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Neuroma or Not Neuroma? What are they?

Do you experience tingling or numbness in your toes? Pain in the ball of your foot that causes a shooting, burning or stabbing sensation? These symptoms can be caused by a few things but one condition is known as a Morton’s Neuroma.

This is something that I have unfortunately had to deal within both feet for years. I first noticed symptoms back in 2008 whilst training for The Edinburgh Moonwalk. I felt like I had a stone in my left shoe, and after walking around 7 miles I developed a burning/ shooting sensation through my 2nd and 3rd toes. However, once I took my shoes off the pain almost immediately disappeared.

So, what is a Neuroma?

Typically, a neuroma is caused when there is compression of a nerve in the foot. Most commonly it is the 3rd and 4th toes that are affected the most. There are a few factors that can lead to it developing.

1) Foot mechanics and deformities such as bunions, hammertoes, flat feet, and hypermobility can all contribute to a neuroma developing.

2) Footwear which is narrow at the toe box or high heels can put extra pressure on the forefoot. This causes an increase in compression and irritation of the nerve.

3) Repetitive stress such as running, jumping or some court sports can lead to excessive stress on the forefoot.

4) An injury such as an ankle sprain or other type of trauma to the area can increase the chances of a neuroma developing.

In my case I have never worn high shoes on a regular basis and do not have any obvious foot deformities. However my style of gait and my increase in activities over the years has led to my neuromas getting progressively worse.

Will I need surgery?

We consider surgery as a last case option as there are several conservative treatments that can help.

The first thing that has to be looked at when treating a Neuroma is footwear. In some cases, simply changing your footwear to something that has more support, a wider and deeper toe box is enough to get relief from Neuroma pain. Wearing a better fitting shoe is also important if padding or orthotics are going to be required for long term treatment. For myself I started trying wider fitting trainers which helped slightly but was not enough to alleviate my symptoms completely, but they were essential for when I eventually had to get fitted with orthotics.

If a change in footwear has not helped then the first treatment option would be to apply a specific padding directly to the foot or to place it into your shoe. I found semi compressed dome pads applied to my feet really helped and I used this method for years. As my running and walking distance increased, I then found the padding to be less effective as it eventually flattens. If the padding is effective at relieving the symptoms then orthotic devices can be used long term. These are a great option as they can be removed and swapped between different shoes. I opted for orthotics as they were more durable long term. My insoles were effective for around 3 years but then the discomfort started occurring after 2-3 miles as the neuromas were well established and I had increased my activities dramatically by this point. However, my discomfort was no where near as bad as it would have been without wearing the orthotics.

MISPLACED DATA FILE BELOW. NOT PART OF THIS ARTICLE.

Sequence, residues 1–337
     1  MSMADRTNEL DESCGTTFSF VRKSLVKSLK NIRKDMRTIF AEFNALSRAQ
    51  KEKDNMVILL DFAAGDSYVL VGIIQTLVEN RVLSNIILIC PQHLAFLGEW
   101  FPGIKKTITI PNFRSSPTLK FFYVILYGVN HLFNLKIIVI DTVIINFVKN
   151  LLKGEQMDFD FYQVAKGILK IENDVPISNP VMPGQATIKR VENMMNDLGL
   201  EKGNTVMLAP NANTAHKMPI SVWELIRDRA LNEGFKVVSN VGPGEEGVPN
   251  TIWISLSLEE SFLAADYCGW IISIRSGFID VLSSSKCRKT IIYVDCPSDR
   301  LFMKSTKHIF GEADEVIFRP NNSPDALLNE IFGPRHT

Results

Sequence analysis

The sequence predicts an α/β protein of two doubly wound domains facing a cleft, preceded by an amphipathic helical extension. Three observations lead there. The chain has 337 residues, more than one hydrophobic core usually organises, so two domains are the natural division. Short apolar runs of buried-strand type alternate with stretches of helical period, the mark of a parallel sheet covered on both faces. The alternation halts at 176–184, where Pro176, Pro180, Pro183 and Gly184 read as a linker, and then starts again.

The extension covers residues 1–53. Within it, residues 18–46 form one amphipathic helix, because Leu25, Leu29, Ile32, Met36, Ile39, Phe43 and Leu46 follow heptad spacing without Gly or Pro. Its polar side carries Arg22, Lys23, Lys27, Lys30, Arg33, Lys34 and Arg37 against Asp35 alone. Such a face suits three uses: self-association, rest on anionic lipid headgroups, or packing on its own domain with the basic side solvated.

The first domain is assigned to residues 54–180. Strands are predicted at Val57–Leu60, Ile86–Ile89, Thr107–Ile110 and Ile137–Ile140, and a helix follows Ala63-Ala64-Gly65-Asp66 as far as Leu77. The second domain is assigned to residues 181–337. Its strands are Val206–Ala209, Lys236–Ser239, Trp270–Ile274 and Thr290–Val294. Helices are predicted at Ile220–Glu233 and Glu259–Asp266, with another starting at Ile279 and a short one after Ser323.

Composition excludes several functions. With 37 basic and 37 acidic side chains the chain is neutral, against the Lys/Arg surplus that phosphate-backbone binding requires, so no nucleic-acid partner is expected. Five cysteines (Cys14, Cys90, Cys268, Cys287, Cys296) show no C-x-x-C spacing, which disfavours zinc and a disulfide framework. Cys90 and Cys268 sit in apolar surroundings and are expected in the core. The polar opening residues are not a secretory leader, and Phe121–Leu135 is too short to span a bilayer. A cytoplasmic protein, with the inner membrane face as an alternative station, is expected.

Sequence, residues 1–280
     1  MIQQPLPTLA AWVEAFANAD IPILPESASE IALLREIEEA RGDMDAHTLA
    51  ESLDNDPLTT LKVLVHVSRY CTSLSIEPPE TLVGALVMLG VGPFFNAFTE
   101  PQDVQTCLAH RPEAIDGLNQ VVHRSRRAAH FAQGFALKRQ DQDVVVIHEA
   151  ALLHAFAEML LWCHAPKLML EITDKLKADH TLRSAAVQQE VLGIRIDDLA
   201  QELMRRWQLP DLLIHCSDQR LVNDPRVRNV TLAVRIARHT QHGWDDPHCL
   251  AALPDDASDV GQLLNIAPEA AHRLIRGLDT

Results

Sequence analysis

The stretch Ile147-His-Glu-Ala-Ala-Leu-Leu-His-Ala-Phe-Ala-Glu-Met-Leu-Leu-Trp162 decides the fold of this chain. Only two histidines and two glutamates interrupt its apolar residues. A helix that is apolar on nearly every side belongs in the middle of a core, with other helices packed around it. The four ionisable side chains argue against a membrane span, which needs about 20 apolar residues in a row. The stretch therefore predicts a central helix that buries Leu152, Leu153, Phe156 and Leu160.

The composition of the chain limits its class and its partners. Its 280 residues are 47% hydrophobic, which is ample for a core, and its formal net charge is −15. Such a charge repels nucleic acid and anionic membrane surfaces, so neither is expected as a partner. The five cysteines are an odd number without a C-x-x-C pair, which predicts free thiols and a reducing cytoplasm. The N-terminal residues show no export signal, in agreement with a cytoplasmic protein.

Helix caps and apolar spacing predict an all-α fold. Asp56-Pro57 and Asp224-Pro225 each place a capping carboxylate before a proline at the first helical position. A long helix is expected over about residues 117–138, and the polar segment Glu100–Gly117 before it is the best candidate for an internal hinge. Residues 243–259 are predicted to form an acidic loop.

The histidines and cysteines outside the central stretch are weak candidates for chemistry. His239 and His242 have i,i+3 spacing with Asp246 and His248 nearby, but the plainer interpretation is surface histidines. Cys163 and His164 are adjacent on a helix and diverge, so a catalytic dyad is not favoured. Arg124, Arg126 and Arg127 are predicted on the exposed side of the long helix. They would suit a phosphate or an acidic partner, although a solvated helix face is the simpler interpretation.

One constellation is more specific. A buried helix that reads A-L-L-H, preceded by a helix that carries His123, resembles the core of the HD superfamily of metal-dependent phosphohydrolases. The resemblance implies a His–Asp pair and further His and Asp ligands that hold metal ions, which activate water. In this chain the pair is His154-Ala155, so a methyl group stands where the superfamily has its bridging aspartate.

Even with orthotics you can still experience some pain or discomfort. Oral anti-inflammatory drugs can help ease symptoms, especially if you are still active and this is when the pain or discomfort is at its worst. I very rarely had to use pain relief after activities but on several occasions whilst taking part in events I had to take anti-inflammatory drugs.

One last option before opting for surgery is to have a steroid injection which can reduce the swelling of the nerve. I tried steroid injections 3 times over the period of 11 years. The first two injections worked well and I had a significant reduction in pain in both feet for over a year. Unfortunately the third set of injections only helped to reduced the pain slightly and within a couple of months the pain returned at its worst.

If you have exhausted all options and the neuroma is affecting your daily life and activities then the best course of action would be to have the neuroma surgically removed. Every surgeon is different at how they carry out the procedure, but it is normally carried out as a day surgery. You will normally have to rest with your foot raised for 5-7 days with minimal weightbearing, then after 2-3 weeks you can return to gradually introducing your daily activities ie; short walks, driving etc

I recently had surgery to remove the neuroma on my right foot. The surgery was conducted under a general anaesthetic. They also administered an ankle block for pain control after surgery. I took a full week’s rest and got about the house with a post operative shoe that the hospital issued.

After this week I used a recovery air cast boot to get around if I was taken out in the car.

My surgery was successful, and I was able to return to driving after two weeks and start running again after 3 weeks which I have been successfully increasing over the past 5 months with no post operative complications.

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